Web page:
“For the Christmas party! Just pick up the damn things. Take five minutes out of your precious day and think of something other than yourself.” Karenda didn’t wait for my response. Her high heels barked across the wood floor until she reached the back door. A few hinges might have been harmed when she heaved the door open, stomped outside and slammed it shut again.
I glanced at Mrs. Kiness who slightly smiled at me. She’d never admit it, but I believe she completely respected my ability to irritate my sister. Most of the staff spent their waking moments devising Karenda irritations, but things like that always came easy for me.
Someone slammed through the back door, and footsteps down the hall vibrated closer.
“She didn’t double round, did she?”
Mrs. Kiness clutched the small golden cross she always wore around her neck to defend against
A man turned the corner and stopped.
Looking at his honeyed hair and green eyes, I caught my breath and stared at him for about three days. “Alexander,” I muttered. I didn’t say it as a question or even a statement. It was more of a relief. I hadn’t seen him for so long. Not since his dad died, and he and his mom left for Williamsburg.
He smiled. “You remembered.”
How could I forget?
“Wow.” Lillia stumbled from a misguided twirl. “Mr. Ravenswirth.”
“Child,” Mrs. Kiness said, as her slight English accent introduced itself. “Please minimize your twirls.”
Lillia’s eyes slowly shifted up and down Alexander. “You are definitely a man, aren’t you?”
I tried to roll my eyes but found the easiest way to deal with Silly Lillia was to close my eyes, take a deep breath and count to four or four thousand - whichever number made me forget about her.
Lillia continued to twirl as the frills and layers of her pink and yellow antebellum dress rose higher and higher. “Don’t you wonder why they say, ‘back in the day?’ You ever say, ‘back in the day?’ I normally don’t but sometimes can’t help myself, you know?” Lillia twirled close enough to Alexander that he had to catch
her. “Wow. Strong arms. You still have that southern accent?”
Alexander blushed. “Yes, ma’am.” He oozed with that slow
cowboyie drawl that birthed swooners.
Mrs. Kiness grabbed Lillia and pulled her back from Alexander. “Child, let us not accost Mr. Ravenswirth on his first day.”
Lillia righted herself and huddled towards me. “That accent always makes me want to fling my lacy panties to the chandelier.”
I curled my lip and backed away from her praying she wouldn’t say anything else.
Then, she screamed a hollowed, ear pinching yelp that I hoped didn’t wake our dead ancestors buried on the property.
I’d gone deaf in one ear, and the ringing in the other hadn’t subsided.
“Saints be forgiven!” Mrs. Kiness grabbed at her heart and closed her eyes in silent prayer.
“I’m going to be a tour guide here, and I practice giving my kvetch,” Lillia said, beaming at Alexander.
concentrated on her rosary to pray for a return to her hearing.
Lillia scrunched her face up like a used soda can and tried to figure everything out. Then she shook her head with such force it gave me a headache. “Ausmor Plantation. Built in—”
“Mr. Ravenswirth is very familiar with the house,” Mrs. Kiness said. “His mother used to live here. His father worked here, and he, in fact, was born here.”
Lillia ignored her. “Frank Austen and his sister, Celia Austen Morgan, somehow found the land in 1798.”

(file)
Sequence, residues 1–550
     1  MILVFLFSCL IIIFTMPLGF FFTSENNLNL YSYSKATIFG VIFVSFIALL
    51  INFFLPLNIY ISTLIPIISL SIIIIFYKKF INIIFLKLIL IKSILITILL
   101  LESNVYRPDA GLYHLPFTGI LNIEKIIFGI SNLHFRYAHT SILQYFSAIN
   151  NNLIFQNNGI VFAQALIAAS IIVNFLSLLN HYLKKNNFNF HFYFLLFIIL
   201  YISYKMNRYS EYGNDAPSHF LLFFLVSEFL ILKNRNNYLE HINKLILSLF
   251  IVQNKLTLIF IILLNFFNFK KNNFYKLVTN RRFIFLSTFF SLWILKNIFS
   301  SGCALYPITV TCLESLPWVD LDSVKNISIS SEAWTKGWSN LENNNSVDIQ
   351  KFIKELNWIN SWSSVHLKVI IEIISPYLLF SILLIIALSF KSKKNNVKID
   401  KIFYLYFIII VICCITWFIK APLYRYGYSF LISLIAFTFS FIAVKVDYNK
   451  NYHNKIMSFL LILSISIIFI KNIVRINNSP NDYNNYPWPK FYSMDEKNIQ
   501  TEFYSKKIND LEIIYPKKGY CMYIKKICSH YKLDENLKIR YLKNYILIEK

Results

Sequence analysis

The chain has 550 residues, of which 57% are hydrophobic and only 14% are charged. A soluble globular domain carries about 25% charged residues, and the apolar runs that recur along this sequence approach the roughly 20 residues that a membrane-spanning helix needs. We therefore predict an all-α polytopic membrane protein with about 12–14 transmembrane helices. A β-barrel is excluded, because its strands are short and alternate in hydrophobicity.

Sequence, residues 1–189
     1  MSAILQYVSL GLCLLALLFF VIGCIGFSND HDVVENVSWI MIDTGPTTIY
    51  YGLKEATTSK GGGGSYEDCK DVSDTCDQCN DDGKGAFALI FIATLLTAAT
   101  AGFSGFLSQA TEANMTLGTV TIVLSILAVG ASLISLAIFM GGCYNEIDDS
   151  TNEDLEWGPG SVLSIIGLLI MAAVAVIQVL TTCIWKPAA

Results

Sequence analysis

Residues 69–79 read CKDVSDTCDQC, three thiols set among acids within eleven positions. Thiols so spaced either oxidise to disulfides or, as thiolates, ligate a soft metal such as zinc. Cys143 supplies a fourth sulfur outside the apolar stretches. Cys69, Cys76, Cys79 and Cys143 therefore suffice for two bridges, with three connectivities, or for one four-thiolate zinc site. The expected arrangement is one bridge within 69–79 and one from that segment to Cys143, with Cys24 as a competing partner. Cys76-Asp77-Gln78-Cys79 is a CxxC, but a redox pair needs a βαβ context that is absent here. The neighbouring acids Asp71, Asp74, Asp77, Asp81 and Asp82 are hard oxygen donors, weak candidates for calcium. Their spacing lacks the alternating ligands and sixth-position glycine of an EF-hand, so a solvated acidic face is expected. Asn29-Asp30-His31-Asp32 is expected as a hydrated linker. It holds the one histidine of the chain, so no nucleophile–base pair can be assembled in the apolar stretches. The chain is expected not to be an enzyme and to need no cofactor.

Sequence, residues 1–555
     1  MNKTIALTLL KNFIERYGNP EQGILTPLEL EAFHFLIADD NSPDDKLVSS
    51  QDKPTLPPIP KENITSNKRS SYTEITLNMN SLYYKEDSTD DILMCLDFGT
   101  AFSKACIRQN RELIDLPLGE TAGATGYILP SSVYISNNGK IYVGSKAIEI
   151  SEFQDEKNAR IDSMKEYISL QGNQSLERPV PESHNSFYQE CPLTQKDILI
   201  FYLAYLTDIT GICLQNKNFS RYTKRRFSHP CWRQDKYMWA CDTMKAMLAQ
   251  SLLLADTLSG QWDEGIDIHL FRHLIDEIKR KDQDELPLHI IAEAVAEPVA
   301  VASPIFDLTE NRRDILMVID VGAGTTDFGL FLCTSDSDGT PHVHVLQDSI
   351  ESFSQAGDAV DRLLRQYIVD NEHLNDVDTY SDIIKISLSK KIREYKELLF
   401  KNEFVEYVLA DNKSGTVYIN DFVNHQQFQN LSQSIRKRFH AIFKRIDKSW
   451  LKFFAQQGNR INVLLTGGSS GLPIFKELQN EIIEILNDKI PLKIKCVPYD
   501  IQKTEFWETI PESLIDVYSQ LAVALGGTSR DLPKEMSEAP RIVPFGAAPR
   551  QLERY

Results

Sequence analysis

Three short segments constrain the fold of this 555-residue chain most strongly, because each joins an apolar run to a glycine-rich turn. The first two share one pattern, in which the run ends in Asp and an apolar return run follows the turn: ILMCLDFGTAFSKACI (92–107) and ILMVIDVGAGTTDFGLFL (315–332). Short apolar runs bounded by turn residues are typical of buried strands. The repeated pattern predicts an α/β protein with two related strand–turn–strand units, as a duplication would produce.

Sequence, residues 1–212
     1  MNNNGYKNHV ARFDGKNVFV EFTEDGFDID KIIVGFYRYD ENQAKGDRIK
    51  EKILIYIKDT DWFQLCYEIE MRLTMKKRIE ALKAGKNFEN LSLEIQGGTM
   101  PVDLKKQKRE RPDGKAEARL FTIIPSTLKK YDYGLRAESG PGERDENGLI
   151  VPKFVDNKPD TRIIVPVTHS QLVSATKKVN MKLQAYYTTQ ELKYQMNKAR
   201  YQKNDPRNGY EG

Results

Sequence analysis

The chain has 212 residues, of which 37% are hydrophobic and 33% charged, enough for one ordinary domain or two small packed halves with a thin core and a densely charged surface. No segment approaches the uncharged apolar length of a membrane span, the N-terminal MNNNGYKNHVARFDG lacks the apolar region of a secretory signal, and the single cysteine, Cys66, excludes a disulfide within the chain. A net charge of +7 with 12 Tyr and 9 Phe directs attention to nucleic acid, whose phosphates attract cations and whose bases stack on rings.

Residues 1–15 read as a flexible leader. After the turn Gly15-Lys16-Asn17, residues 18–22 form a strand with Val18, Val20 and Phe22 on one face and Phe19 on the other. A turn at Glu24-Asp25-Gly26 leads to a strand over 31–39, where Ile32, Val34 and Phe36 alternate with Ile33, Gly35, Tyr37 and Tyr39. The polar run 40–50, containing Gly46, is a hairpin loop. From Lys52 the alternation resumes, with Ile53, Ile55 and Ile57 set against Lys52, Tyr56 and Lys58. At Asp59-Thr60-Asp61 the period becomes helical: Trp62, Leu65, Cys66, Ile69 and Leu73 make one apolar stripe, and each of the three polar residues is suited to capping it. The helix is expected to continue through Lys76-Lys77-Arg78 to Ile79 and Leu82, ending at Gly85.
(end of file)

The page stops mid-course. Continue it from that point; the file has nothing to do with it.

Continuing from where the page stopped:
Mrs. Kiness glanced at me. ‘Somehow found the land’ translated to stole it from the rightful owners. Poor bastards.
“Then the house gave birth to itself.”
I frowned and glanced at Alexander who smiled at me.
“It’s now three stories with two wings jutting out either side like broken wings. Or maybe broken legs. Or...” She shook her head and continued. “The family lives in the New Wing, and the staff, which there are thousands...”
I shook my head. More like a few dozen.
“They live mostly in the Old Wing. Don’t know if they live in it together.” Lillia stopped and stared at us as if she’d uncovered a deadly government conspiracy. “I mean like if they sleep together. Is there some kind of law against staff doing the dirty, Mrs. Kiness?”
Mrs. Kiness blanched. I hoped she wouldn’t pass out.
Lillia ignored her own question, checked her pink nails and continued. “Anyway, they finished it in 1814 and named it Ausmor after the Austen and Morgan families. You know. The ‘Aus’ in Austen and the ‘
Mor’ is Morgan?”
I did a double eye roll and sigh. Unfortunately, Lillia’s off button had long ago malfunctioned, and she now ran without batteries.
“Even though we’re like the same family sorta, but the Austens are pure Austen. The Morgans...me.” Lillia pointed to herself. “We’re mixed with all sorts of deadly atrocities like Dragoo Morgan my great great whatever who killed all those people back in whatever the date was. Hacked one to death while they were eating stew in the dining room! Can you imagine eating stew in the dining room? I like to eat while I’m watching TV or taking some kind of walk in the garden.” Lillia twirled, opened the door and continued to twirl outside.
“Of all the heavenly saints!” Mrs. Kiness cried.
I quickly ran to the door and locked it. “There. A few minutes of peace.” Mr. Ravenswirth’s iridescent green eyes lingered on me, and thoughts of Lillia left my chaotic brain. I smoothed my hair back behind my ears and hoped it didn’t look like I’d used a spatula as a brush. I glanced down at my grayish sweater and jeans. Should I have worn something else? What else? What do you wear when you meet your—
“How’s it going, Eva?” His southern accent spilled smoothly like warmed maple syrup.
Loved the southern accent, and he remembered I liked to be called by my middle name.
Alexander re-introduced me to his easy, crooked smile. That was the smile that made me forget I was destined to marry Byron Bashley. That was the smile that could make me remember everything – even the painful t
“Mr. Ravenswirth has joined the staff. He is quite an expert at fixing things,” Mrs. Kiness said.
He studied the floor as Mrs. Kiness detailed his various skills as my eyes took a tour of him. Jeans, brown cowboy boots, black belt with a white t-shirt tucked in tight – just enough to ripple each muscle perfectly which I’d like to do with my tongue.
Crap. Did I say that out loud? I’m always doing that. Saying what I should be thinking and thinking what I shouldn’t be saying.